The History and Importance of Free Press
Updated: Jan 15
By Clara Pressey
Image via CNN
The free press has been a cornerstone of an open society in many countries for centuries. Even in the modern-day, it is how citizens are able to get information about domestic policy, foreign affairs, and a number of other issues. In the time between then and now, it’s changed drastically, through the introduction of radio, then television, and then social media.
Without investigative journalism, Upton Sinclair wouldn’t have written The Jungle, thereby exposing the horrors of Chicago meat-packing plants. Seymour Hersh wouldn’t have brought to light the My Lai Massacre. Bob Woodward and Carl Bernstein wouldn’t have broken the Watergate Scandal. Many people would be left in the dark about the actions of their own government and the society they live in, not just in the U.S., but around the world.
The public wouldn’t have known about those horrors of Chicago meat-packing plants, that violent massacre during the Vietnam War, or that particular brand of corruption of the Nixon administration. And, subsequently, lawmakers and prosecutors wouldn’t have been forced to take action against them. People can’t act or encourage action if they don’t know what’s going on.
Just last month, people watched with bated breath as America made a major decision. The analysts and reporters that held our hands through those five torturous days (like Steve Kornacki) became Twitter sensations, on top of their professional success. And it makes sense. Steve Kornacki didn’t become America’s journalistic sweetheart just because he seemed relatable and like a decent person, it happened because he was working tirelessly to keep us up-to-date, and wasn’t being coy about it.
In short, having a free press in a country not only keeps people informed, but it is also a stronghold against complacency. It keeps people engaged. If there weren’t reporters hounding our leaders for the facts, or TV news hosts making sure that we know everything that they know, we would lose valuable opportunities to examine our world and to go forth and try to change it.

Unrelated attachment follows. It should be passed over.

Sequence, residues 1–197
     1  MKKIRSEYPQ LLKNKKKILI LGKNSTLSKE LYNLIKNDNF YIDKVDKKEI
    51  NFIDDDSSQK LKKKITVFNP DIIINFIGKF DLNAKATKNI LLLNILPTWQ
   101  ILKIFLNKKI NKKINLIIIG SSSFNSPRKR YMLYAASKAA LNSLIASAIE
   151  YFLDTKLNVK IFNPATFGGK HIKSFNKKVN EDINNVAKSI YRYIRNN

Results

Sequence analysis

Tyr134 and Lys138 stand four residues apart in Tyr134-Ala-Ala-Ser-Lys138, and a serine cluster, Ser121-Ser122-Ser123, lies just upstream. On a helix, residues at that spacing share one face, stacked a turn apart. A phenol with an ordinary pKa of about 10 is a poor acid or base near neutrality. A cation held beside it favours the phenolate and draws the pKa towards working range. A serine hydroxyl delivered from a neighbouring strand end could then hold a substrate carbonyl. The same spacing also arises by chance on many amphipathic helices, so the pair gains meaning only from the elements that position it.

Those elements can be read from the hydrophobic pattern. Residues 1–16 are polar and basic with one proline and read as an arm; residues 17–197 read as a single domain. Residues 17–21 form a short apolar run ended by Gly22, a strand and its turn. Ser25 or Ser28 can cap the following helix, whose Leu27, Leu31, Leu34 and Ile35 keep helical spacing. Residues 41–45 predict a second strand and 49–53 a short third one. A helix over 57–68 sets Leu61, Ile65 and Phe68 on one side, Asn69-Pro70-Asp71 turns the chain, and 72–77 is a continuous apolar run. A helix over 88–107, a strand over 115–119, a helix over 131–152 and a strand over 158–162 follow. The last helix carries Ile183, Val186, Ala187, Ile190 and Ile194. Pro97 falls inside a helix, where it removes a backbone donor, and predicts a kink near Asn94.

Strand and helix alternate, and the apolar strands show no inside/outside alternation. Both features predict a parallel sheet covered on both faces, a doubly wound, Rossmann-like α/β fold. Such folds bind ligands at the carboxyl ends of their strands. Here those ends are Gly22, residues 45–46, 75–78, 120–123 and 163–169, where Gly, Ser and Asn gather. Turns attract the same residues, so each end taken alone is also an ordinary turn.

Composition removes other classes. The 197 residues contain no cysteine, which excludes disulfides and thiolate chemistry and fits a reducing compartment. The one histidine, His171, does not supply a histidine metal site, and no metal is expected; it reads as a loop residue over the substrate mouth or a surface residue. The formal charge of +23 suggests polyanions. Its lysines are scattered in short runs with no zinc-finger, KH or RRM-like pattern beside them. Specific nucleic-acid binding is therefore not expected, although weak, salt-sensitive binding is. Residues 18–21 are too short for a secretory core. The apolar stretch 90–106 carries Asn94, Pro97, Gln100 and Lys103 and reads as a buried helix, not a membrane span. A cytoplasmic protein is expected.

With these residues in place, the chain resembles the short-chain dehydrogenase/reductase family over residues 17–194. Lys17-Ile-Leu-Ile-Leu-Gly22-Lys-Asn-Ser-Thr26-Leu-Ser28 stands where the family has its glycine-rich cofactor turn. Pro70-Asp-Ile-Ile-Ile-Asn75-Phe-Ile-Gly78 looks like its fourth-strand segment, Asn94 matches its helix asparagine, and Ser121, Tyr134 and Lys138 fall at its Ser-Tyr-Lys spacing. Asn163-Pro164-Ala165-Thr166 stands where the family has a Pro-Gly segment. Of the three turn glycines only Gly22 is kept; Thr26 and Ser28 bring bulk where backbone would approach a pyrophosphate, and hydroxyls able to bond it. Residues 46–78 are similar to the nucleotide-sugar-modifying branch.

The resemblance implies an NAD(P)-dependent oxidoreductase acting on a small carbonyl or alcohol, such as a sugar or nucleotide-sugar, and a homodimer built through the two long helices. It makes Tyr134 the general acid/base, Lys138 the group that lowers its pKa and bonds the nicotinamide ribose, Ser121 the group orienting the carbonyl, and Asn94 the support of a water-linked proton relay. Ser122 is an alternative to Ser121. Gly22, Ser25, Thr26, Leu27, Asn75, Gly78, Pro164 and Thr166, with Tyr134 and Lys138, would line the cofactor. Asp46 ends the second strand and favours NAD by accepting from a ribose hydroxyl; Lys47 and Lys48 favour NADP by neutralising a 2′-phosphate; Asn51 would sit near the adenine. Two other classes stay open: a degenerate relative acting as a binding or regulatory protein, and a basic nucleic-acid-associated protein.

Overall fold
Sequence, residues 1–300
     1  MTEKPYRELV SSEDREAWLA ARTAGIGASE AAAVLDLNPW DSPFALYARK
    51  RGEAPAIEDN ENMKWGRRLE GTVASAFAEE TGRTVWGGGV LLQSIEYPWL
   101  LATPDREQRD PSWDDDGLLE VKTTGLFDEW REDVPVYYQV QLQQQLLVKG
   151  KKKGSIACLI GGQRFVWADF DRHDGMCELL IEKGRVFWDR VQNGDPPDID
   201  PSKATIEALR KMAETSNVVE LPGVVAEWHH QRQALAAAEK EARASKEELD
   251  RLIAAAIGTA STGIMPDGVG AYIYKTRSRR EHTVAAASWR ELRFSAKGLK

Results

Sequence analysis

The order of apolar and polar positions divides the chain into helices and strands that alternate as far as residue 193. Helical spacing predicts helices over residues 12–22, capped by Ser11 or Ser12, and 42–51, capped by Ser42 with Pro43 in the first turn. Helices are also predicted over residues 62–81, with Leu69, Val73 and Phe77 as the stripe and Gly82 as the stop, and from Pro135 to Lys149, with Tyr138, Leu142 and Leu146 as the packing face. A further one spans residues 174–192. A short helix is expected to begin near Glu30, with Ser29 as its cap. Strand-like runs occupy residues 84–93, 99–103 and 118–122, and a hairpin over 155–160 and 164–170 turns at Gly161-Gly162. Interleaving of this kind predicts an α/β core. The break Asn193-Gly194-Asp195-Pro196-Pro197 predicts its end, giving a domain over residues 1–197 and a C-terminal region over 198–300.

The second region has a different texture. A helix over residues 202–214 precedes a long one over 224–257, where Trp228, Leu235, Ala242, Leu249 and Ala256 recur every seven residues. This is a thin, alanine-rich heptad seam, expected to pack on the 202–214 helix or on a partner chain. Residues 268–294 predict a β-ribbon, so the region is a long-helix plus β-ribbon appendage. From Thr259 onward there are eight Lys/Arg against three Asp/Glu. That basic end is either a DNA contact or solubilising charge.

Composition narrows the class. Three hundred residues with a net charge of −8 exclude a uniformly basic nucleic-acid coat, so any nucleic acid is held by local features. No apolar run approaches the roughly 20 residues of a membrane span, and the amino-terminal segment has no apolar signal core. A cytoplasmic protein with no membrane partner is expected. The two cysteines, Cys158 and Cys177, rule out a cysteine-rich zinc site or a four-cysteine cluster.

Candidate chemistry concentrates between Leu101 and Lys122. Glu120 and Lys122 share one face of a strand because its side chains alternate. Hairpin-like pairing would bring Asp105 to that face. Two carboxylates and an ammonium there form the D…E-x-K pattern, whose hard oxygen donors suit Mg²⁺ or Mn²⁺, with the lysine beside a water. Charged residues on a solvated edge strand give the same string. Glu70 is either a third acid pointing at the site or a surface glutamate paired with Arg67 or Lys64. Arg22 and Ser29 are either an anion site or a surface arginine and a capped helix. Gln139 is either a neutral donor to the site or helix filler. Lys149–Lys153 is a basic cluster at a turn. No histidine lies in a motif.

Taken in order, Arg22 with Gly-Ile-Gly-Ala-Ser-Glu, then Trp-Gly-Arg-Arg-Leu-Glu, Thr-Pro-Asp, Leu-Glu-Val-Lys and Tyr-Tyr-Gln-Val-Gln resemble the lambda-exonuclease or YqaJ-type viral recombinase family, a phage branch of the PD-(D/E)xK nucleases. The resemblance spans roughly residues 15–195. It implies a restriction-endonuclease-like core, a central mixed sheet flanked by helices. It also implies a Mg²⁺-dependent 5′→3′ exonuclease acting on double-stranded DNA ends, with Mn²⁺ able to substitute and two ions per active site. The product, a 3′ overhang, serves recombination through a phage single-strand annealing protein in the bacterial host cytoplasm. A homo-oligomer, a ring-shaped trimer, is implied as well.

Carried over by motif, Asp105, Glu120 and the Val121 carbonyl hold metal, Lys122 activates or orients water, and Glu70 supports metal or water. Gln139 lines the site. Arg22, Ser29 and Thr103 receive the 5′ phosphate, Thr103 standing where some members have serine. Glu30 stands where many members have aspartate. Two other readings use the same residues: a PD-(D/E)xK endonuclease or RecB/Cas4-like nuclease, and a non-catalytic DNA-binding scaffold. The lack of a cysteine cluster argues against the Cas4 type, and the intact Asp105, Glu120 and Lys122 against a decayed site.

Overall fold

However, while some sources lean obviously to one side of every argument, there are still greater threats to the free press than bias.
In the Philippines, journalistic integrity is currently under direct attack. Journalist Maria Ressa was named a Person of the Year by Time in 2018 and then faced libel charges from the Filipino government.
In the U.S., President Donald Trump has repeatedly attempted to discredit the media and slandered reporters for telling the truth. ICE just subpoenaed BuzzFeed News in an effort to get them to reveal sources.
According to Reporters Without Borders, 40 journalists and three media assistants were killed in 2020. Currently, 260 journalists, 122 citizen journalists, and 12 media assistants are imprisoned around the world.
These threats expose dangers within a nation. When journalists are prosecuted by a country’s government for doing their jobs and telling the truth, it shows that the government is attempting to hide information and ideas from their constituents.
We ought to honor journalists for trying to bring forward this information despite the risks, but there shouldn’t be those risks in the first place.
Remember that the free press is one of the most important concepts in society. And, if you ever need reminding, you’re reading this article on a website where young people write about things that matter to them, without a filter. Isn’t that pretty darn cool?
Written by writer Clara Pressey